A Comparison of Natural (D-α-tocopherol) and Synthetic (DL-α-tocopherol Acetate) Vitamin E Supplementation on the Growth Performance, Meat Quality and Oxidative Status of Broilers

Article information

Asian-Australas J Anim Sci.. 2016;29(5):681-688
Publication date (electronic) : 2016 January 18
doi : https://doi.org/10.5713/ajas.15.0819
College of Animal Science and Technology, Nanjing Agricultural University, Nanjing 210095, China
1Jiangsu Wilmar Spring Fruit Nutrition Products Co., Ltd. Taixing 225434, China
*Corresponding Author: T. Wang. Tel: +86-25-84396067, Fax: +86-25-84395156, E-mail: tianwangnjau@163.com
Received 2015 October 01; Revised 2015 November 15; Accepted 2016 January 15.

Abstract

The present study was conducted to compare the supplementation of natural (D-α-tocopherol) and synthetic (DL-α-tocopherol acetate) vitamin E on the growth performance, meat quality, muscular antioxidant capacity and genes expression related to oxidative status of broilers. A total of 144 1 day-old Arbor Acres broiler chicks were randomly allocated into 3 groups with 6 replicates of 8 birds each. Birds were given a basal diet (control group), and basal diet supplemented with either 20 IU D-α-tocopherol or DL-α-tocopherol acetate for 42 days, respectively. The results indicated that treatments did not alter growth performance of broilers (p>0.05). Compared with the control group, concentration of α-tocopherol in the breast muscle was increased by the supplementation of vitamin E (p<0.05). In the thigh, α-tocopherol content was also enhanced by vitamin E inclusion, and this effect was more pronounced in the natural vitamin E group (p<0.05). Vitamin E supplementation increased the redness of breast (p<0.05). In the contrast, the inclusion of synthetic vitamin E decreased lightness of thigh (p<0.05). Dietary vitamin E inclusion reduced drip loss at 24 h of thigh muscle (p<0.05), and this effect was maintained for drip loss at 48 h in the natural vitamin E group (p<0.05). Broilers given diet supplemented with vitamin E showed decreased malondialdehyde (MDA) content in the breast (p<0.05). Additionally, natural rather than synthetic vitamin E reduced MDA accumulation in the thigh (p<0.05). Neither natural nor synthetic vitamin E supplementation altered muscular mRNA abundance of genes related to oxidative stress (p>0.05). It was concluded that vitamin E supplementation, especially the natural vitamin E, can enhance the retention of muscular α-tocopherol, improve meat quality and muscular antioxidant capacity of broilers.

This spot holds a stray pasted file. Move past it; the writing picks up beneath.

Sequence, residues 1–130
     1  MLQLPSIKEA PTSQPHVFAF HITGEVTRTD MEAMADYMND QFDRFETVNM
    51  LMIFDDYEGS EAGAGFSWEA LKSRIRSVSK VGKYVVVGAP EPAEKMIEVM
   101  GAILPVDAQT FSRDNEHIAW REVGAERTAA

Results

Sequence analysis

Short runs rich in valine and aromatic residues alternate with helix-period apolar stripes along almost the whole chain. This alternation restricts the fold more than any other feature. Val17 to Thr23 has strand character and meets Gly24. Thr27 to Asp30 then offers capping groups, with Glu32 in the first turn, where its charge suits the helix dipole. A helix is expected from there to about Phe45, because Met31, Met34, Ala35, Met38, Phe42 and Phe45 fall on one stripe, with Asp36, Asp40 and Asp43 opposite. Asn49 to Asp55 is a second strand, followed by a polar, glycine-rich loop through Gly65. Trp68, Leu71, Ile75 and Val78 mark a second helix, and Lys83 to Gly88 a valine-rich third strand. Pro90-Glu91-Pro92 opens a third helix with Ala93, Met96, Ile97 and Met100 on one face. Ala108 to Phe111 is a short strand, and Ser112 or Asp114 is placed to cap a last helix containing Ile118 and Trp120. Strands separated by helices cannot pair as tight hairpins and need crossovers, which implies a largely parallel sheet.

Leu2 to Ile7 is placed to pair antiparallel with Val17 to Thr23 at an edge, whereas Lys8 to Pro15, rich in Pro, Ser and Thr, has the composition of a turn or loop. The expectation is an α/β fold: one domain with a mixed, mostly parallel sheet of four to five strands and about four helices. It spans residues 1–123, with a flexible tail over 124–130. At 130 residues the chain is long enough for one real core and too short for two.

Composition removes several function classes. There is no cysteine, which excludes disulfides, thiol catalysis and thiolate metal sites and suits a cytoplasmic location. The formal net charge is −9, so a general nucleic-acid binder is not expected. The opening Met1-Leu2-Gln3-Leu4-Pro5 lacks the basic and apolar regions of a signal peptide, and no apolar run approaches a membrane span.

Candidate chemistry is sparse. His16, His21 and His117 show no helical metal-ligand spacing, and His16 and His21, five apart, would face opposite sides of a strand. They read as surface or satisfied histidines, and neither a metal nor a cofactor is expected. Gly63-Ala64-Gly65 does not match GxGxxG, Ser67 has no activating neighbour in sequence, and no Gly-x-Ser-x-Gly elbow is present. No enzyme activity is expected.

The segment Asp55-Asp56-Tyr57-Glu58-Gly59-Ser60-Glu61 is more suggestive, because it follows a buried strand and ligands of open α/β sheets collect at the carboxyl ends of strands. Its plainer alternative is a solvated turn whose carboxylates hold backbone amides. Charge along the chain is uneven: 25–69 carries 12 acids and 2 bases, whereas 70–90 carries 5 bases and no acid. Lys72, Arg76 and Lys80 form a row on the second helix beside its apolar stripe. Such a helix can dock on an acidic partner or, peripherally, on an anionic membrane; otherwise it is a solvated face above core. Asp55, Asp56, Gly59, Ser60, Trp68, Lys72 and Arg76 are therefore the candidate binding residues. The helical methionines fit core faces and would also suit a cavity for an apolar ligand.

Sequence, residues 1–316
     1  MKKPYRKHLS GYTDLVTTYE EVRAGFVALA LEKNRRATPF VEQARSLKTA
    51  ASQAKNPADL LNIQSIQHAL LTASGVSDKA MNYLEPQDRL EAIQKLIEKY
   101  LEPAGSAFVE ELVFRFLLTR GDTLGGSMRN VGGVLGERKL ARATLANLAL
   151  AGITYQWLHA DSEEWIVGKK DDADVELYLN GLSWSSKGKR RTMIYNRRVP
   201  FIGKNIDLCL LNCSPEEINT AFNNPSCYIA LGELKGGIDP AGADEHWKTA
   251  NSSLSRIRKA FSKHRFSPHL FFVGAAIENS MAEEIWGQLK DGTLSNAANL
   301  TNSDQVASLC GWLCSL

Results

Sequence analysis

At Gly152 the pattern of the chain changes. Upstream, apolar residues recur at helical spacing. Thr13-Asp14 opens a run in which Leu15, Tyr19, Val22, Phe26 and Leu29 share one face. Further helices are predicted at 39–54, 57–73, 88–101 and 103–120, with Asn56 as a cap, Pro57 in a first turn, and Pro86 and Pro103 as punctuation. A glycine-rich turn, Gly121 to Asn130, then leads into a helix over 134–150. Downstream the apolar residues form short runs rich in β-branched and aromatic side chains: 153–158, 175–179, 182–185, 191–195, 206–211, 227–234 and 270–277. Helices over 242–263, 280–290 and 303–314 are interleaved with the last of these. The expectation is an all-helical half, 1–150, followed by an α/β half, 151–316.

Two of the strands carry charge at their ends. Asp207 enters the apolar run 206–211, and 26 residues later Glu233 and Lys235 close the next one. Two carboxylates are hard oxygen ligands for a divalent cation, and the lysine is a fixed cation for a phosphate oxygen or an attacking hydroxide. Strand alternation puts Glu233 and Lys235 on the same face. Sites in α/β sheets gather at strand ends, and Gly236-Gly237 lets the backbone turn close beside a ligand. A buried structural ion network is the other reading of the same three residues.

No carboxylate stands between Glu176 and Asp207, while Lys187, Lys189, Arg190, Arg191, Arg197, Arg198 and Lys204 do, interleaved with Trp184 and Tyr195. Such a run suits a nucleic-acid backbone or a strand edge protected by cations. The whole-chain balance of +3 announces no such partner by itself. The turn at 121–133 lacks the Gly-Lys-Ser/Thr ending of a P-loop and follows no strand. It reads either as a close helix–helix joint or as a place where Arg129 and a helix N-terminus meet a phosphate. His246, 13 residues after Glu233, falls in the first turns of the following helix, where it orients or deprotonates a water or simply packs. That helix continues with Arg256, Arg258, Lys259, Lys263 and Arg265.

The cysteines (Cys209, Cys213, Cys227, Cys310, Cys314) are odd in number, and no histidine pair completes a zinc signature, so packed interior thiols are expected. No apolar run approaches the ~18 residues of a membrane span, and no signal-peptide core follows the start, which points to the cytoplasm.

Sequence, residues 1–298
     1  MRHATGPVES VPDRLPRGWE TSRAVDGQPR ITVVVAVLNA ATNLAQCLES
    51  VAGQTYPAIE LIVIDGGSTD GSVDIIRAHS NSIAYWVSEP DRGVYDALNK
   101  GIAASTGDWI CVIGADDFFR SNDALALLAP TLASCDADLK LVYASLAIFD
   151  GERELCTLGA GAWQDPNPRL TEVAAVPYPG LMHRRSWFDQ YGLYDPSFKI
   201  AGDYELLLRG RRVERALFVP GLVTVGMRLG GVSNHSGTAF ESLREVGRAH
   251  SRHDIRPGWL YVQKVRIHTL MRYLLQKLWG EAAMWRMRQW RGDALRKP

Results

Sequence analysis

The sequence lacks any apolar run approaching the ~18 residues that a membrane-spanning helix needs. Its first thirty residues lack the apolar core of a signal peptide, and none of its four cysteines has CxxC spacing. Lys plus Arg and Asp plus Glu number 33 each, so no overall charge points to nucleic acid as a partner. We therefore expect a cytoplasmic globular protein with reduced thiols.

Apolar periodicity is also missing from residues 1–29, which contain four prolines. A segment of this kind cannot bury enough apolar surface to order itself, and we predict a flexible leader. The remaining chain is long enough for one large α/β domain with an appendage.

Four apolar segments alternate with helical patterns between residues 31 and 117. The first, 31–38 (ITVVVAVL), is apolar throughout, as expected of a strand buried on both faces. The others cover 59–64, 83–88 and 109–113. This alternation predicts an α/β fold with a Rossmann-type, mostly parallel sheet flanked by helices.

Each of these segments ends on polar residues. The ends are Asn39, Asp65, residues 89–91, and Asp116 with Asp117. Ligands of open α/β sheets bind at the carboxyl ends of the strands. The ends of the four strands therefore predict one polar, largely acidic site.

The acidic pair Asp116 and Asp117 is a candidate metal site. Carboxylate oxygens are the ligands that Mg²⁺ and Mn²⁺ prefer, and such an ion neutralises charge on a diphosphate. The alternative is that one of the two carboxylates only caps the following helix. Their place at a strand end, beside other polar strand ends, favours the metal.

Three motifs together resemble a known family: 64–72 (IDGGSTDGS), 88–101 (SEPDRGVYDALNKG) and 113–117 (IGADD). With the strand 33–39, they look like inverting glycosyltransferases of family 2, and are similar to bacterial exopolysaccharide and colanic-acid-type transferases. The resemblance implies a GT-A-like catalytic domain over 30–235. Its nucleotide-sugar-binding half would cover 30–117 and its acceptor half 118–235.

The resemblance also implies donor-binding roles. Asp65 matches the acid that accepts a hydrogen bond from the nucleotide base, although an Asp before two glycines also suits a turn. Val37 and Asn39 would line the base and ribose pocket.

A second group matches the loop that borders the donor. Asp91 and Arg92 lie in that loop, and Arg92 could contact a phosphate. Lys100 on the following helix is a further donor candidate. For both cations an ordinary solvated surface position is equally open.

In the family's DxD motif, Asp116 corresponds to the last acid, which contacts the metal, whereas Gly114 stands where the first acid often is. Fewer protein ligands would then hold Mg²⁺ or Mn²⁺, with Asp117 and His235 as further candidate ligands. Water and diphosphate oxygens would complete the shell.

INTRODUCTION

Lipid oxidation is one of the major causes of quality deterioration in meat and meat products. This oxidation can lead to serious consequences for meat quality, including the production of off-flavors and odors, reduction of polyunsaturated fatty acids, fat-soluble vitamins and pigments, lower consumer acceptability, and the generation of compounds such as peroxides and aldehydes which may be toxic (Morrissey et al., 1994). Vitamin E as a lipid component of biological membranes is known to be a major chain-breaking antioxidant (Sahin et al., 2002). Various studies have demonstrated that vitamin E can improve meat quality and inhibit lipid oxidation of muscles in broilers (O’neill et al., 1998; Voljč et al., 2011; Rey et al., 2015).